The obstacle with maillecraft is educating the customer on the difference in quality, function, style and fit. It is in areas such as this that a unified front from all maille artisans would benefit the entire community. Shared marketing is not the same as a "Cartel". Look at the agricultural marketers. Got Milk? It wasn't a single dairy that paid for a multi-national marketing campaign, but rather an organized effort between competing businesses to educate the public and get them enthused about the industry in a mutually beneficial endeavor.

On the issue of prices... Maille is tied to the metals market, so cost fluctuates every day, as does value. But ultimately the customer is paying for craftsmanship and your unique vision of what the finished piece should look like, and with armor, your assurance that it will operate within specification. You aren't selling metal and labor, your selling your good name, attached to a unique piece of art. Your sale price simply covers the costs of doing business. Similarly, someone painting a house would be paid for the paint and labor. Commissioning a portrait on the other hand, you cover the time and expenses, but are paying for an intangible value in the form of art. Some people paint portraits, others paint houses. So it is with maille. You'll never get a consistent price between two merchants because what they are selling has a value gauged by factors beyond actual production cost.

However, a cooperative evaluation of common mark-ups is useful. While it may not accurately tell you if you are over or under charging, it is a great way to estimate your prospective profits on specific types of craft. Jewelry for instance has the greatest potential for profit, as it requires fewer materials and less labor than a chain suit that sells for an equal price. But knowing those specific margins can help guide you to the portion of the market with greatest demand. Likewise, it's very helpful in determining things like "Which weave sells better in this ring size" or "Is it easier to sell 1 Gold chain at $350, or 5 Silver chains for the same total price". There's a huge difference between standardizing prices and taking a market census.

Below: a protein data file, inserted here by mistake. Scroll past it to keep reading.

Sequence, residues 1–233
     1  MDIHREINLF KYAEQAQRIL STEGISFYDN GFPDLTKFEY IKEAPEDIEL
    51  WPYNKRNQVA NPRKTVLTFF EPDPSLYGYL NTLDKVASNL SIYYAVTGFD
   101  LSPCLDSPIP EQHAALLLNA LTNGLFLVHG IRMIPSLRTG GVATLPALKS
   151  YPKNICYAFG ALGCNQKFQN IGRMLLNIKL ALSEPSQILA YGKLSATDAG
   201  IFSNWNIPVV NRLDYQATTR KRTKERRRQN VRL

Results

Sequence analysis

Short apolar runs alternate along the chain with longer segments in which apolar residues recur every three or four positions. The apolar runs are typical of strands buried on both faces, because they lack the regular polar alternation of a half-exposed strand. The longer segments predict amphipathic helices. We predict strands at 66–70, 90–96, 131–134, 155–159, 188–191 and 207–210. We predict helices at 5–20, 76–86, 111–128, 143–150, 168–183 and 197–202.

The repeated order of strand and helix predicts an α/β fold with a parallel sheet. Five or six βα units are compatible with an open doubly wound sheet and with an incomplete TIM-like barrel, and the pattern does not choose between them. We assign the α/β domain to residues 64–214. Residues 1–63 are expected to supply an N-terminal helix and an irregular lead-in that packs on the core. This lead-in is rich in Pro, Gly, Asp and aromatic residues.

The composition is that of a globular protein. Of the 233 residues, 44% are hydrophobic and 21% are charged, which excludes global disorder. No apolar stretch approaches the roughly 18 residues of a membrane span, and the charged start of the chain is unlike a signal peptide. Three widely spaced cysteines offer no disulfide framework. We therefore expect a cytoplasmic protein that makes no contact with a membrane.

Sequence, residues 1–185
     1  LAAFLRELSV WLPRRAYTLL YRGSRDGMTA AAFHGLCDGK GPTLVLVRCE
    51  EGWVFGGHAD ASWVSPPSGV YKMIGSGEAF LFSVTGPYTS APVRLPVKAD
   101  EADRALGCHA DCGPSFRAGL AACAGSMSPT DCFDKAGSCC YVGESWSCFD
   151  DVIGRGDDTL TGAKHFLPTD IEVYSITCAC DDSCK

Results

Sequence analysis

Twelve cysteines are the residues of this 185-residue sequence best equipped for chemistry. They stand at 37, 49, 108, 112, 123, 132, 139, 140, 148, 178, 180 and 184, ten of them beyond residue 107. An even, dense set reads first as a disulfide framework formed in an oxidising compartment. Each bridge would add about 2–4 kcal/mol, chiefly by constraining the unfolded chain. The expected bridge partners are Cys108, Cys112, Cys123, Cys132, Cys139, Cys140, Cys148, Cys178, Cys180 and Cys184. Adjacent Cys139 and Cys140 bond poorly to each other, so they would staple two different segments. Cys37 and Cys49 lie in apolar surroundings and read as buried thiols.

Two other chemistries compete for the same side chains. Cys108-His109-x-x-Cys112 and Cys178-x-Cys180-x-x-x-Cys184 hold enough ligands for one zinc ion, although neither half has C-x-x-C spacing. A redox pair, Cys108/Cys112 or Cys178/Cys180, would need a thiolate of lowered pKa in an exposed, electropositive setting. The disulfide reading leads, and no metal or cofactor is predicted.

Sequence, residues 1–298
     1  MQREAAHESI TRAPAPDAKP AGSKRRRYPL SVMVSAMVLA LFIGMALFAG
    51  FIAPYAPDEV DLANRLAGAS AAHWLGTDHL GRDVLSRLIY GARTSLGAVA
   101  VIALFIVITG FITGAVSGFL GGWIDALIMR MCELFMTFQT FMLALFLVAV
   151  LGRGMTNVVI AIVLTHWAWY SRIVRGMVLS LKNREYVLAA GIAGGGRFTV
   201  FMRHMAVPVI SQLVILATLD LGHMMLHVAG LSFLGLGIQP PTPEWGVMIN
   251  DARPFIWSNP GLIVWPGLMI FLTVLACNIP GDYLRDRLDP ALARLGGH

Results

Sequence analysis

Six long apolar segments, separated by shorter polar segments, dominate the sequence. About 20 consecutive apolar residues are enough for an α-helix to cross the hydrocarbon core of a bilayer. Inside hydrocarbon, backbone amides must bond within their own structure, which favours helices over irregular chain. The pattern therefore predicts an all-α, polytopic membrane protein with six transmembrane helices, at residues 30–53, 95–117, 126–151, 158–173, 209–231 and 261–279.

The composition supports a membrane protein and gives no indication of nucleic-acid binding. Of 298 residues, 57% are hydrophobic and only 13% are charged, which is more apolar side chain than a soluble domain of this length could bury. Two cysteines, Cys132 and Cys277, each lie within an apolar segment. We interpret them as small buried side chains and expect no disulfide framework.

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e evaluation of common mark-ups is useful. While it may not accurately tell you if you are over or under charging, it is a great way to estimate your prospective profits on specific types of craft. Jewelry for instance has the greatest potential for profit, as it requires fewer materials and less labor than a chain suit that sells for an equal price. But knowing those specific margins can help guide you to the portion of the market with greatest demand. Likewise, it's very helpful in determining things like "Which weave sells better in this ring size" or "Is it easier to sell 1 Gold chain at $350, or 5 Silver chains for the same total price". There's a huge difference between standardizing prices and taking a market census.

Yes, this is more of what I had in mind rather than some sort of dictatorial entity. A guide. One of the most common things people run into once they realize they are addicted to this and that they CAN sell it, and in a way NEED to sell it to clear out their cabinets and afford more metal is "How do I price it????" Having a more standardized, agreed upon guideline would be helpful for everyone, I think. Guideline. Not RULE.

I won't ever be a mass producer -- not my style or personality, but I do like to make the occasional finicky bit of jewelry that I won't sell for the $20 or $30 of silver in it because I spent 35-40 hours figuring it out and putting it together. THAT'S more the discussion I'd like to be having.

And decent closures. Seeing people charge a fortune for snaggly, hair eatting closures makes me want to cry.

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I do mass-produce - it takes me about an hour to do 2 HP4 bracelets - but I also do lots of custom work too of course, and I definitely think this is a doable idea for either case. I'm going on vacation on sunday so I can't contribute to the discussion beyond then, but I'm certainly interested in something like this.

We could establish a set of criteria that could help describe certain quality aspects (such as closures) and inform customers of what to look for in a well-made piece. I don't know if such a thing would work but it looks to be worth a try :)

Given that there are so many different areas of maille, it may also be useful to identify and establish to the public the different types of artisans that make maille. i.e, jewelers, armorers, clothiers, sculptors, etc...

I also agree Jessica, in that a set of hard and fast rules probably isn't the best way to go. I'm not interested in being told how to run my business and sell my pieces, nor to I want to tell others the same. That path seems to eventually lead to the hostile, predatory type of business that we want to avoid.

I think as long as things are kept in the spirit of cooperation and communication we can all benefit. We can impose a set of standards and ethics amongst co-op members, but we'd need to be wary of rules or other written decrees. The problem with them is their "slippery slope" nature. Once you start imposing rules on one thing, ethically you must sooner or later look at everything, and eventually a loose co-op becomes a set of micro-managed and imposing regulations. I'm not saying that this would happen, but it could.